This week Italy became the latest European country to edge closer to catastrophic default, as interest rates on its 10-year government bonds topped 7 percent. As a point of reference, 10-year U.S. Treasuries are currently cruising at 2.1 percent.
Rates on Italian bonds are so high because global markets believe Italy is at a much higher risk of default than say, the U.S. or Germany, so the Italian government must pay a higher rate of interest to attract buyers.
Italian Prime Minister Silvio Berlusconi announced he'll soon resign in an attempt to mollify world markets. It remains to be seen whether that will work; a recent Barclays Capital report says Italy "may be beyond the point of no return."
U.S. banks have relatively little direct exposure to Italian debts, with $47 billion in exposure, compared to France's $416.4 billion, according to June 2011 data from the Bank for International Settlements via Reuters.
But larger U.S. banks may be carrying vastly more indirect risk from struggling European economies as a result of the credit default swaps, or CDS, they've sold in recent years. From Yalman Onaran at Bloomberg:
The CDS holdings of U.S. banks are almost three times as much as their $181 billion in direct lending to the five countries at the end of June, according to the most recent data available from BIS. Adding CDS raises the total risk to $767 billion, a 20 percent increase over six months, the data show. BIS doesn’t report which firms sold how much, or to whom. A credit-default swap is a contract that requires one party to pay another for the face value of a bond if the issuer defaults.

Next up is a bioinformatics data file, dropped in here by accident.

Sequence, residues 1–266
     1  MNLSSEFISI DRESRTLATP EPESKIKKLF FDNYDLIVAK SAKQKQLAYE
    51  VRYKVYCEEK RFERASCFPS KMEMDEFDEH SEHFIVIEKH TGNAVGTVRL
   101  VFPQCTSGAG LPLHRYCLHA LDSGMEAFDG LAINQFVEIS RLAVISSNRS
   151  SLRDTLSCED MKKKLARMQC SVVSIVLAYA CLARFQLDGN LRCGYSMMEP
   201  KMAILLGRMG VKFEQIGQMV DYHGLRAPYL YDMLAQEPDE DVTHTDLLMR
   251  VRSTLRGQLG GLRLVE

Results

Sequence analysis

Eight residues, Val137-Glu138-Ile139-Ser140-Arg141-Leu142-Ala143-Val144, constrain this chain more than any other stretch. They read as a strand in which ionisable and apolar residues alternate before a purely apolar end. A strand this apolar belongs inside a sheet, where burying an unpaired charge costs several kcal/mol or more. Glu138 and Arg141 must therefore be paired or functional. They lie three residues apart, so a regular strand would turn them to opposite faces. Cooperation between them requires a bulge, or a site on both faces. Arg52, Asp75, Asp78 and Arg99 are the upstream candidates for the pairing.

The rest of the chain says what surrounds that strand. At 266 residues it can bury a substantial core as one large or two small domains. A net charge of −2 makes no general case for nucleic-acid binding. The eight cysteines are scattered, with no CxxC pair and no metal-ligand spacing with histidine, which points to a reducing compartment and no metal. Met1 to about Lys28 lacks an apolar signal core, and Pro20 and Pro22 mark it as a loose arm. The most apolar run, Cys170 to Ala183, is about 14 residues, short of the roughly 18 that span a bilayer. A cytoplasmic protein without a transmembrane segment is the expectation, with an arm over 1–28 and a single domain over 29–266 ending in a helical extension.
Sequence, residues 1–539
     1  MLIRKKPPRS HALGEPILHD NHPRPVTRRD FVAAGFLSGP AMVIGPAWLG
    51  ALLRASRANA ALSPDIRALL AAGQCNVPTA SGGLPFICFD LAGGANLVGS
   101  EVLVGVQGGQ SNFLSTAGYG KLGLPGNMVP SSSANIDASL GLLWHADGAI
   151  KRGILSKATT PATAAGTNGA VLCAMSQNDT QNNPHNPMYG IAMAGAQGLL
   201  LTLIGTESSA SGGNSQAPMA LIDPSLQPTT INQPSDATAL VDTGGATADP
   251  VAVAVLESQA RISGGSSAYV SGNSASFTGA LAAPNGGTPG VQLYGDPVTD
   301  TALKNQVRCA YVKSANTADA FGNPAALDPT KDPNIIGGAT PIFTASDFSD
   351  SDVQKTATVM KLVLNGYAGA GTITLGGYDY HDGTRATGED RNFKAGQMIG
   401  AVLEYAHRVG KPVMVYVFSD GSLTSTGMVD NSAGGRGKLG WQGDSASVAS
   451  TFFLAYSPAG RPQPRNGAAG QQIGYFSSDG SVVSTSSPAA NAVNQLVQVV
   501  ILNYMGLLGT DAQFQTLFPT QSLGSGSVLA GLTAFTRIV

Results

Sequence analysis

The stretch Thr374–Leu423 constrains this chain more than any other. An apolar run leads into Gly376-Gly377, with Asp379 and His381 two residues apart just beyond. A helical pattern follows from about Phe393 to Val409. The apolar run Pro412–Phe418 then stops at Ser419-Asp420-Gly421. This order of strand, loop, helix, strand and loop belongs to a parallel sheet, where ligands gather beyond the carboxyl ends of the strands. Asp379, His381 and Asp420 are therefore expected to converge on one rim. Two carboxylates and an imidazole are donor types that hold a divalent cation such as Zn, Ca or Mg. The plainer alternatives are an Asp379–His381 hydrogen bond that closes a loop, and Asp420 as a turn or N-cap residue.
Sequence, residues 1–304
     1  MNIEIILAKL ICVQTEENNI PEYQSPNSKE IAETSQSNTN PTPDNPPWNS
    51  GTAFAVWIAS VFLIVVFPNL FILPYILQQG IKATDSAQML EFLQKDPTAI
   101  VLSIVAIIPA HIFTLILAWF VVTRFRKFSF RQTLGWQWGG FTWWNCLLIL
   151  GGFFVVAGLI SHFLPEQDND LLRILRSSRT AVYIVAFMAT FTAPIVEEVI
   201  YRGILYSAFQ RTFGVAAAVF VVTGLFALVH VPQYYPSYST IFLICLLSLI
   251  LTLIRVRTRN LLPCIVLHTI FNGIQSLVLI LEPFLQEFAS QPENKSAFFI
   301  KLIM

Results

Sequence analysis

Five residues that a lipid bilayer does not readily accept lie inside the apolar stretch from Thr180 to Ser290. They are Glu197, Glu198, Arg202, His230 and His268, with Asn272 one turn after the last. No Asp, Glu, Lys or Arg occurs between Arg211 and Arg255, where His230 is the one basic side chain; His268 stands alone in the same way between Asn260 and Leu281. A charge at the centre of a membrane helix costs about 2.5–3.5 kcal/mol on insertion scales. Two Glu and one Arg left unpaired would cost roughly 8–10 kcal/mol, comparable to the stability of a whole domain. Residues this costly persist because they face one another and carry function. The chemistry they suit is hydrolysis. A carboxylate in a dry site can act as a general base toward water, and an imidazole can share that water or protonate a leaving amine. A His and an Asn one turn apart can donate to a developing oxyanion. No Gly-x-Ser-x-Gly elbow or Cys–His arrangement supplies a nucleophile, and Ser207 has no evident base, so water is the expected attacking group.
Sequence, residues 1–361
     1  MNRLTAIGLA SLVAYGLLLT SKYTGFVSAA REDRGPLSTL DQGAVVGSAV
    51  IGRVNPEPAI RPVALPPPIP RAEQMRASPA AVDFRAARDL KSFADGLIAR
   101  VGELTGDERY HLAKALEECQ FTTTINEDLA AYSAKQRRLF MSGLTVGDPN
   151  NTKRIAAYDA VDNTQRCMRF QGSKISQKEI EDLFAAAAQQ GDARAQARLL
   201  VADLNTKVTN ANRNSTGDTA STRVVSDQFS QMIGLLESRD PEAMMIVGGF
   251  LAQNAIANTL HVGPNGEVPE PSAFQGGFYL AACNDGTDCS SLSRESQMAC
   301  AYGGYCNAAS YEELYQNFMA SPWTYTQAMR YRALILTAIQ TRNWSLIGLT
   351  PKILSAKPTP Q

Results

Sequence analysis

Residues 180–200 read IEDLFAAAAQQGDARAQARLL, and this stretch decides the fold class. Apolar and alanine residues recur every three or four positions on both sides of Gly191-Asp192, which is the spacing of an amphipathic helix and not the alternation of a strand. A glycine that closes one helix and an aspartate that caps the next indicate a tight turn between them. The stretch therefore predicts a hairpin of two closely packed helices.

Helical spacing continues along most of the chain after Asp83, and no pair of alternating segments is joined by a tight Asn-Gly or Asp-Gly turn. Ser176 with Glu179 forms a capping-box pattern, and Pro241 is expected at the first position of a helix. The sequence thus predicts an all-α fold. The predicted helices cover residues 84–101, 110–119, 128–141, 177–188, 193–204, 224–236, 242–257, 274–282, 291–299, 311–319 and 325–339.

If the term CDS sounds familiar, it should. The financial instruments, which are basically insurance policies against the default of a particular bond, have threatened U.S. banks before. CDS contracts on mortgage-backed securities nearly brought down insurance giant American International Group, and the rest of the U.S. financial system with it, during the 2008-2009 financial crisis.
So what does that mean for U.S. bank customers? U.S. accountholders are protected by the FDIC up to a limit of $250,000, so should a U.S. bank be dragged under by a full-blown debt crisis in Europe, their deposits would be protected. If you're more comfortable at a bank on firm financial footing, check out Bankrate's Safe & Sound Star Ratings, which rate banks based on their financial fundamentals.
But even if their balances are protected thanks to the U.S. taxpayers, if banks struggle because European debt exposure, U.S. accountholders could feel it. It's no coincidence that as things have grown worse for U.S. banks, things have grown worse for their customers. Banks in desperate need of funds to clean up their balance sheets tend to look for that money wherever they can find it, and that can manifest itself in lower deposit rates for customers, higher checking fees and other negative changes.
What do you think? Are you worried about what's going on in Europe? Do you think your bank could ride out a full-blown European default crisis?
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